SARAH MEISTER: We recently acquired a Robert Smithson drawing called Heap of Language.
SARAH SUZUKI: It’s a relatively small-scale drawing on graph paper that features a kind of triangular ziggurat form that’s actually built out of words.
SARAH MEISTER: It begins with the word “language” on top, and it goes on to say “phraseology, speech, tongue, lingo, vernacular,” and on and on. So using this drawing as a point of departure, we notice that, in fact, a lot of other works of art that were made in ‘66 also addressed the idea of language.
The most dramatic example of this might be the Richard Tuttle, where the letters are sprayed across the wall in a random arrangement.
THOMAS LAX: And only some of the letters are recognizable. So it puts the work on you, as the viewer, to figure out how to take what seems like a system and reorganize it for yourself.
And language, of course, is the central component to many works that are made in the medium of performance. The Fahlström Mao-Hope March is the projection in the room. And the kind of everyday language that you see and hear people speaking becomes important for constructing what the work is.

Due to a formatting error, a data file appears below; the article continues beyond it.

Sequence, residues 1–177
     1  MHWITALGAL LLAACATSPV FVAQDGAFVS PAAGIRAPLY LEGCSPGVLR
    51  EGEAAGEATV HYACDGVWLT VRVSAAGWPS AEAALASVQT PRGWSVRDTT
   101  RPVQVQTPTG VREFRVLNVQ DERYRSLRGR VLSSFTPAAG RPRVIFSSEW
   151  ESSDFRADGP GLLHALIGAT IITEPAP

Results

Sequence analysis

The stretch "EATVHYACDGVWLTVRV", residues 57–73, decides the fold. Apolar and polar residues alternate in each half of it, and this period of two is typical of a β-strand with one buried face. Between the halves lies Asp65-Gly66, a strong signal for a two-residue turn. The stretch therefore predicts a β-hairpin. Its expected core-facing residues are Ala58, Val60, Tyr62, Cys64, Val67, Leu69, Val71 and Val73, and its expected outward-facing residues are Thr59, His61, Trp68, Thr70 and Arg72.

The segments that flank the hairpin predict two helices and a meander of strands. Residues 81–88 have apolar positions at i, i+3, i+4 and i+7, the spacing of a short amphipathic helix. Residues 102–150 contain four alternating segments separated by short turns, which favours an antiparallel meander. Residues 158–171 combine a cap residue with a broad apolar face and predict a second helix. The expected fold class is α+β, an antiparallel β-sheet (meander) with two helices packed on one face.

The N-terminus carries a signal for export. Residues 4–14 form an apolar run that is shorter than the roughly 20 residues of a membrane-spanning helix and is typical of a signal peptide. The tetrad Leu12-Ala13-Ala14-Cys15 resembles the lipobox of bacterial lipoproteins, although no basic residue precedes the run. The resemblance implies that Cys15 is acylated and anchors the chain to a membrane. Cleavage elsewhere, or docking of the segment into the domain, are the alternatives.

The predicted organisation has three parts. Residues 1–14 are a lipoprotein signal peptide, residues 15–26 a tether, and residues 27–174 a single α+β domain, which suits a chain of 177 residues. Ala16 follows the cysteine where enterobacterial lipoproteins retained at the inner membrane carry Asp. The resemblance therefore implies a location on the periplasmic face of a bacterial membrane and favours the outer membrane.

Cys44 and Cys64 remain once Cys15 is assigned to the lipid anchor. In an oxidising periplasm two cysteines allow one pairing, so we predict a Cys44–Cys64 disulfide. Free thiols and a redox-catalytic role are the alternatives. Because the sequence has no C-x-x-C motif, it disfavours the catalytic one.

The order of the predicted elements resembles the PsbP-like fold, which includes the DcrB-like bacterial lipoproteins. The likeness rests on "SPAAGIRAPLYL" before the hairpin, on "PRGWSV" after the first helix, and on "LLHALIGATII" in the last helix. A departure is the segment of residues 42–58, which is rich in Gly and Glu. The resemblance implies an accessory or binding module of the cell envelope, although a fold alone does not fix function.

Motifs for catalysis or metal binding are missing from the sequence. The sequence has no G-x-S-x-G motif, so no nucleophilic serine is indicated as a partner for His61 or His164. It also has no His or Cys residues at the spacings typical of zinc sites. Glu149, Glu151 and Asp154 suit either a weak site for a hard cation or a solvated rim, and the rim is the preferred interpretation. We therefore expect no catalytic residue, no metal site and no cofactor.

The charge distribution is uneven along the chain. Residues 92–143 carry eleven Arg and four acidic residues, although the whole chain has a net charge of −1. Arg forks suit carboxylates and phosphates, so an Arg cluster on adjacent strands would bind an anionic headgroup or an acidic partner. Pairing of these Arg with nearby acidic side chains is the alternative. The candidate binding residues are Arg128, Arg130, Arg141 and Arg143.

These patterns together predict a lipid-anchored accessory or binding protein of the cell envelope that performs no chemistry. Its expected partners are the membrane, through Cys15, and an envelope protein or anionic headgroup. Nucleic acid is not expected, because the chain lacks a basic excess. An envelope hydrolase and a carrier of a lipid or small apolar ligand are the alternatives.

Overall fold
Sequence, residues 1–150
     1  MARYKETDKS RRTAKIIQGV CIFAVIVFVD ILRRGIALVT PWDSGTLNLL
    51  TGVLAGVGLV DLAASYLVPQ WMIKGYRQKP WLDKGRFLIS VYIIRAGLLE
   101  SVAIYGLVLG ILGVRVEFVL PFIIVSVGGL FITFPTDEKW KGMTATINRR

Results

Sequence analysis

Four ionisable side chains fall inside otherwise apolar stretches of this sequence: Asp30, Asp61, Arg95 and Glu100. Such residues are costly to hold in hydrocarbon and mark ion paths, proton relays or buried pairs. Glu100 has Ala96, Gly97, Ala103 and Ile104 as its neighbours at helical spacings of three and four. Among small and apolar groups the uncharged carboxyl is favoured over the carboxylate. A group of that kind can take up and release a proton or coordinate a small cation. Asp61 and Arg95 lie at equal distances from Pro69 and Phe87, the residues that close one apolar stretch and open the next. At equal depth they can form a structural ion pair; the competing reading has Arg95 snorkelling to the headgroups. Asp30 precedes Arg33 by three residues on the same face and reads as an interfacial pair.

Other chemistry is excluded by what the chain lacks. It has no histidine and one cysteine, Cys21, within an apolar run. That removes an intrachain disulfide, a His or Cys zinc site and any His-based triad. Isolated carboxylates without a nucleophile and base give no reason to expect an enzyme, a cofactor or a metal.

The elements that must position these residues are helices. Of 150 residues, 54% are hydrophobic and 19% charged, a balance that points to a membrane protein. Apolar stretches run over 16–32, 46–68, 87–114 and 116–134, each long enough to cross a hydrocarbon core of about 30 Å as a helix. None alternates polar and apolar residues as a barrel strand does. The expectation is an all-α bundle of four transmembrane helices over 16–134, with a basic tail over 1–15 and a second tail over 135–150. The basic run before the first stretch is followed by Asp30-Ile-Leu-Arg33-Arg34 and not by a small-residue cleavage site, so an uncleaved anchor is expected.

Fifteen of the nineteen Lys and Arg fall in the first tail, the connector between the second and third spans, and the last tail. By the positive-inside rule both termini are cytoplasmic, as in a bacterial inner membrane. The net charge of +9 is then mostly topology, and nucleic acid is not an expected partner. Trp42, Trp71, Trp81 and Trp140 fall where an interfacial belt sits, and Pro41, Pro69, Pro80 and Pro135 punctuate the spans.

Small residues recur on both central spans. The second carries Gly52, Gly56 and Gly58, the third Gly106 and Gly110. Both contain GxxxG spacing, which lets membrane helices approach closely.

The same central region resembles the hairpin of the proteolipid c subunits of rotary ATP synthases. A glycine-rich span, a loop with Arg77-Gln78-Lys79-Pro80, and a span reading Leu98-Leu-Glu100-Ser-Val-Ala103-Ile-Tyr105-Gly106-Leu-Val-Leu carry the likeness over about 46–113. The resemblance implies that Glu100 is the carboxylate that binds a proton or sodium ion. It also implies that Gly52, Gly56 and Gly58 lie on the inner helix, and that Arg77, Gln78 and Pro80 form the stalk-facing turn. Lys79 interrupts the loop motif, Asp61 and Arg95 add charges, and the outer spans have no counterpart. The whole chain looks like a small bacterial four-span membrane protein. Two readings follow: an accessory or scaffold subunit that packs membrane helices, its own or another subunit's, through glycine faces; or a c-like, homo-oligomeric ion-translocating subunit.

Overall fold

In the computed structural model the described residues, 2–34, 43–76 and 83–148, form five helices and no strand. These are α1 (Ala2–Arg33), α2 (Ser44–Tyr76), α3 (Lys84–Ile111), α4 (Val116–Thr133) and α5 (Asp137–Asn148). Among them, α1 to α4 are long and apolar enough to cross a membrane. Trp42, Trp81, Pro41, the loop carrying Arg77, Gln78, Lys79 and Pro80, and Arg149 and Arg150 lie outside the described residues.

SARAH SUZUKI: The mid-1960s is also the rise of a medium that becomes known as the multiple. These are small, often sculptural objects that are issued in editions. And they were a medium that really appealed to a number of Pop artists—the idea that it could be distributed in a more democratic way.
SARAH MEISTER: And we thought: “Wouldn’t it be interesting to make a forest of pedestals, each one of which would feature some of these marvelous little objects that were made in 1966?” And this allowed us to also include not just multiples by artists but also architectural models and even design objects that evoke that moment in a very different way.